Locust bean in action: In Western Africa, women process the seed of the tree into an extract, which is then sold on the market. The product, known as dawadawa, is an important flavoring ingredient to traditional soups.

4. Marama: One crop capable of slowing the progress of desertification while providing nutrition is the marama. These tubers are highly drought-tolerant, and what water they do receive is efficiently stored in its giant root, which can grow up to 200kg! Water is not its only product, as the marama is also being investigated for its ability to produce oil. The oil produced can potentially be converted into the type of vegetable oil used to power combustion engines. The marama spreads widely and quickly across dry soils, providing biomass that prevents the continued loss of nutrients and solids that create deserts. Dry, uncovered soil acts as a mirror, reflecting the Sun’s light and heat back into the atmosphere (known as albedo), where it is trapped by the greenhouse gasses responsible for climate change. By covering this ground with biomass, some of the light and heat are absorbed instead of reflected.

Marama in Action: The University of Copenhagen is undergoing research in Southern Africa on the capability of the marama to provide sustenance and livelihood for indigenous populations.

5. Birdsfoot trefoil: This leguminous cover crop is similar to alfalfa but better suited to poor growing conditions where soil is likely to be exposed. The plant is digested more efficiently by livestock than other grasses and conventional feed mixes. The efficient digestion means that they produce significantly lower levels of methane, a major GHG source. In addition, birdsfoot trefoil is a nitrogen-fixer, adding nitrogen to the soil and allowing farmers to use smaller quantities of artificial fertilizer.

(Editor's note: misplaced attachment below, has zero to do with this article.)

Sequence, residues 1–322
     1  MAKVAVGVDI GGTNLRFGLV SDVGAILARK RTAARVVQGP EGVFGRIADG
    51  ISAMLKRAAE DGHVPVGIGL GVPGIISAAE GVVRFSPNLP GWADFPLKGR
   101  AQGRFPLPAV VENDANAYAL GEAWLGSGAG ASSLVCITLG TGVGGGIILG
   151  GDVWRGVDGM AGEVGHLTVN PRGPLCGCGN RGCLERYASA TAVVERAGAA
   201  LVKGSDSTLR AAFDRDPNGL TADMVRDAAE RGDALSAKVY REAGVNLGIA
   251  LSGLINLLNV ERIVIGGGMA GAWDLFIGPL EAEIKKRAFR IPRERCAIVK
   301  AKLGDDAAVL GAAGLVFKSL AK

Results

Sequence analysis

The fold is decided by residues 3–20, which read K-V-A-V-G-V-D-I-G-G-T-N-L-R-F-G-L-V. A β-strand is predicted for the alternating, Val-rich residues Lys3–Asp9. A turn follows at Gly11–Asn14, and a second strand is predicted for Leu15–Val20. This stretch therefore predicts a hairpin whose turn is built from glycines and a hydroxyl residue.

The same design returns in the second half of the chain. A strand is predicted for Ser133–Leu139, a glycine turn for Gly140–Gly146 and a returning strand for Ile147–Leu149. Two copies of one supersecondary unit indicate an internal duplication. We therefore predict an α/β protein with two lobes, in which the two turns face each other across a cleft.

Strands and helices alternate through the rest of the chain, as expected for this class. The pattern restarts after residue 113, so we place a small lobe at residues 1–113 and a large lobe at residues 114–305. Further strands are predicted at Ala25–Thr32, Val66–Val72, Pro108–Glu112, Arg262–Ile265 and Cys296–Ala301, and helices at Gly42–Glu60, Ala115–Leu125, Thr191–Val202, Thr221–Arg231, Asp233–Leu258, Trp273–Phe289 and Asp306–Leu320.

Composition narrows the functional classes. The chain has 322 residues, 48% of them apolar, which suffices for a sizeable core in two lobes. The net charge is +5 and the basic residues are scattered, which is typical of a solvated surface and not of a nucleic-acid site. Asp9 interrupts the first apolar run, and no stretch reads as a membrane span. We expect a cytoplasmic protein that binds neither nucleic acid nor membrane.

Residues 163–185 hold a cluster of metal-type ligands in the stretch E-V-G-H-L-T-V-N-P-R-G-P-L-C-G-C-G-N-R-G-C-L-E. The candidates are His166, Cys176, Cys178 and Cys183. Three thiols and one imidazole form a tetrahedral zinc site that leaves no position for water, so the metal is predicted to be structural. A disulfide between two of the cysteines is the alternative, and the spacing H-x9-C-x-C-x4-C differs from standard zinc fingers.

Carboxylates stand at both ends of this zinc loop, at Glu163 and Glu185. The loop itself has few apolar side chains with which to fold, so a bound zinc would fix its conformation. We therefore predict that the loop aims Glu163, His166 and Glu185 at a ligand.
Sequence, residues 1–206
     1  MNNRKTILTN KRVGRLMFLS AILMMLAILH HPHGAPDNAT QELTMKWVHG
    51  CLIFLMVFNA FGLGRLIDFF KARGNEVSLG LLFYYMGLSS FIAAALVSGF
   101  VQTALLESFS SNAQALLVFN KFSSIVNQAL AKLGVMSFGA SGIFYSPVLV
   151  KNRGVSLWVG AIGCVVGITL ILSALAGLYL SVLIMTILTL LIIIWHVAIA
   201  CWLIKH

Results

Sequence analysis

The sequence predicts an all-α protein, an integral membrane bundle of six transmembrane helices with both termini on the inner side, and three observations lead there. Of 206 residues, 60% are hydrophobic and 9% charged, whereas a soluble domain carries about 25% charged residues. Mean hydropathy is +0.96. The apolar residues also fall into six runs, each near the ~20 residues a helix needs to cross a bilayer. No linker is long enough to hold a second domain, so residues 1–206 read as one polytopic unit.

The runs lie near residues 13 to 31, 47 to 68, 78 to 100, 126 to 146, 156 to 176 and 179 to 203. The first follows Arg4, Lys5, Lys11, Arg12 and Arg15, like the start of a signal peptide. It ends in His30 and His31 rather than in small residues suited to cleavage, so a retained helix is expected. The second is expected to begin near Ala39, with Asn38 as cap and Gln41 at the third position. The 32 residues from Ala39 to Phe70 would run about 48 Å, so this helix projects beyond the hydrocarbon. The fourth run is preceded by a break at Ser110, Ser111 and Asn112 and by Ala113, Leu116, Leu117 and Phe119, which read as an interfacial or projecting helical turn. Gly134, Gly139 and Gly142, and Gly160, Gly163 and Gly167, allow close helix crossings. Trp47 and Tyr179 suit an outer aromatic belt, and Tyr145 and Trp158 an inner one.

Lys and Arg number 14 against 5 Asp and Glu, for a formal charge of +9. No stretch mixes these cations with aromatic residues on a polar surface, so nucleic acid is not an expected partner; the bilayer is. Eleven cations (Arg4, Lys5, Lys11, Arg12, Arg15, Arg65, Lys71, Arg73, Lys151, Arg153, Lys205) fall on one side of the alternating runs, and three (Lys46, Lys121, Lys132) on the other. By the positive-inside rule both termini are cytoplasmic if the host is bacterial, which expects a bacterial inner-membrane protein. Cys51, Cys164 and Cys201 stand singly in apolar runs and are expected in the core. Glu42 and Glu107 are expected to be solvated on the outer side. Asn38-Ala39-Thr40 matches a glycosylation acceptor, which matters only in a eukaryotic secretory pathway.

Birdsfoot trefoil in action: The Union of Concerned Scientists reports that using birdsfoot trefoil as a cover crop and as a foraging crop for cows could reduce methane emissions significantly from current levels, without large additional costs. By replacing traditionally grown alfalfa with this legume, farmers and ranchers can improve their soil while reducing their emissions.

Philip Newell is a research intern with Nourishing the Planet.

Danielle Nierenberg
Danielle Nierenberg, an expert on livestock and sustainability, currently serves as Project Director of State of World 2011 for the Worldwatch Institute, a Washington, DC-based environmental think tank. Her knowledge of factory farming and its global spread and sustainable agriculture has been cited widely in the New York Times Magazine, the International Herald Tribune, the Washington Post, and
other publications.

Danielle worked for two years as a Peace Corps volunteer in the Dominican Republic. She is currently traveling across Africa looking at innovations that are working to alleviate hunger and poverty and blogging everyday at Worldwatch Institute's Nourishing the Planet. She has a regular column with the Mail & Guardian, the Kansas City Star, and the Huffington Post and her writing was been featured in newspapers across Africa including the Cape Town Argus, the Zambia Daily Mail, Coast Week (Kenya), and other African publications. She holds an M.S. in agriculture, food, and environment from Tufts University and a B.A. in environmental policy from Monmouth College.